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Amherst College > News & Events > Amherst Magazine > Archives > Summer 2003 > Book Balm

Young boy holds a bookBook Balm

When it comes to healing wounded hearts, Pamela Krupman-Allyn ’84 says the best medicine is a good story.

By Leanna James

At Children’s Village, a 277-acre complex of green lawns, trees and graceful, Tudor-style buildings that recall an elite college campus, Pam Krupman-Allyn ’84 is hurrying down a path balancing an enormous cardboard box in her arms. The box must weigh a good 20 pounds, but Allyn carries her load so lightly it may as well hold gumballs or popcorn, instead of several paperback and hardcover books in the Harry Potter, Lemony Snicket and (one of her favorites) Captain Underpants series.

Not that gumballs and popcorn would be out of order here. “Reading should be fun,” Allyn, founding director of the innovative literacy program, Books for Boys, insists. Her mission is radical in its reach and simplicity: to bring the joy of books and reading to some of the most neglected children in our society. More than 300 boys live at Children’s Village, a residential treatment center for emotionally troubled boys in Dobbs Ferry, N.Y. Children’s Village provides extended, intensive therapeutic care for children in the foster-care system who can no longer function in a family setting. These are children who need serious help for serious problems. And yet imposing a grim, “this is good for you” program is as remote from Allyn’s intention as grading a child’s first attempts at reading aloud.

"Almost everything you do well later in life starts with pleasure,” Allyn says. “You tend a lovely garden in your back yard; well, maybe you have fond memories of planting flowers with your grandmother, side by side in her garden when you were a kid. That’s where everything starts, with the pleasure of it, and reading, more than anything, begins there.”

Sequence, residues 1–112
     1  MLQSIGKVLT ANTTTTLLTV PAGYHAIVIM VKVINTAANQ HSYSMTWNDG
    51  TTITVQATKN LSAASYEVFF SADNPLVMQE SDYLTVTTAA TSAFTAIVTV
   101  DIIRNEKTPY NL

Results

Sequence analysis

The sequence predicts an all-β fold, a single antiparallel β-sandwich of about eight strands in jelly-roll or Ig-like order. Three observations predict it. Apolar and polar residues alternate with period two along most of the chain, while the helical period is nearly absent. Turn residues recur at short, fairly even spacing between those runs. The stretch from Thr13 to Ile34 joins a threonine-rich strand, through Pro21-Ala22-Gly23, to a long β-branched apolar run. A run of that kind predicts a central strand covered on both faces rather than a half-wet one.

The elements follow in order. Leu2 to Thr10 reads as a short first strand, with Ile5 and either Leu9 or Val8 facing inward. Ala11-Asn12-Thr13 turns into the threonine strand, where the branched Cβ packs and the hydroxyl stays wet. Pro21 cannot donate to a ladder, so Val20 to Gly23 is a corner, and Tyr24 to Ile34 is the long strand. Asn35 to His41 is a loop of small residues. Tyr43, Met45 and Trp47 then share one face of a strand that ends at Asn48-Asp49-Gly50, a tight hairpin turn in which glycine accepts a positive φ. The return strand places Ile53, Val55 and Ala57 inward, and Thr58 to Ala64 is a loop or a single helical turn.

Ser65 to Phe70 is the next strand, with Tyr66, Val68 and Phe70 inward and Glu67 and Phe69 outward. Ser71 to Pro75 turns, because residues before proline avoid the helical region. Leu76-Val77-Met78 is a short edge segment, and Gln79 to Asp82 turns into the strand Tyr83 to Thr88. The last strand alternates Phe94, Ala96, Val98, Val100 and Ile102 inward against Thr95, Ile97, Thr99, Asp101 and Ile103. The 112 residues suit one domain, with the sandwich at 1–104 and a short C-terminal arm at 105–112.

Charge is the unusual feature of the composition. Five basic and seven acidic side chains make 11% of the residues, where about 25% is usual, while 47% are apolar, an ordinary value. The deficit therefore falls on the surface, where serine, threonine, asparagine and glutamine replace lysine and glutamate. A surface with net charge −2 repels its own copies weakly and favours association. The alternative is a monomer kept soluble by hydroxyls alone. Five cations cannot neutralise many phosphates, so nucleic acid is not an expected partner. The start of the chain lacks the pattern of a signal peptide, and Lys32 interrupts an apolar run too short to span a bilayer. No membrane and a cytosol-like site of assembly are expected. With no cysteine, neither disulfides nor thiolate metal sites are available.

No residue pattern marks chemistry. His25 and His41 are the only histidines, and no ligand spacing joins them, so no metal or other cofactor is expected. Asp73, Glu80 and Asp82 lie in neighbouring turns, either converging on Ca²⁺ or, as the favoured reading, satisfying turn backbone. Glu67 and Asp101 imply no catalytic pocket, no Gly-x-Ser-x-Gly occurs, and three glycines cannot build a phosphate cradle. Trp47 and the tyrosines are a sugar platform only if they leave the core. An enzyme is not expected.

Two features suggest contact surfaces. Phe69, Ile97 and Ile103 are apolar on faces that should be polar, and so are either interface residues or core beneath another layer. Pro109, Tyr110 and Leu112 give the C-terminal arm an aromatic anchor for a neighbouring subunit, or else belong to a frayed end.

And if you didn’t have a grandmother with a garden? If you spent your summers on the streets, not in grassy back yards, and had no one to take you to a park or a pool, much less show you how to plant roses? All the more reason, Allyn believes, to emphasize pleasure and play as learning tools. “Play” is an alien concept for many of these boys, whose lives have been anything but picket fence. For this reason, helping children regain a lost part of childhood is a therapeutic cornerstone both of Children’s Village and of the Books for Boys program. “We might start with books the boys missed as young children—board books, playful stories, rhymes, songs. Goodnight Moon, Mr. Rabbit and the Lovely Present, The Cat in the Hat. At this stage,” Allyn says, “the important thing is inviting the boys into the ‘literacy club.’ They’re introduced to great authors; they develop a sense of the joy of stories and wonderful language—” She is interrupted by shouted greetings from across the campus as various staff members spot her: “Hey, Pam! Good to see you! Where have you been?” She shouts back, actually managing to wave while holding the box, then returns to her favorite topic without breaking her stride.

"This is what I always tell my student teachers. Of course we’re boosting reading skills, but before that, we’re teaching a relationship to reading. It’s not about doing something just because ‘teacher thinks you should.’ It’s about the intimacy, fun, excitement, joy of sharing a wonderful book.” In that sense, then, it’s joy and pleasure, not just a bunch of books, that Allyn is delivering today on her rounds to the cottages.

Continued >>


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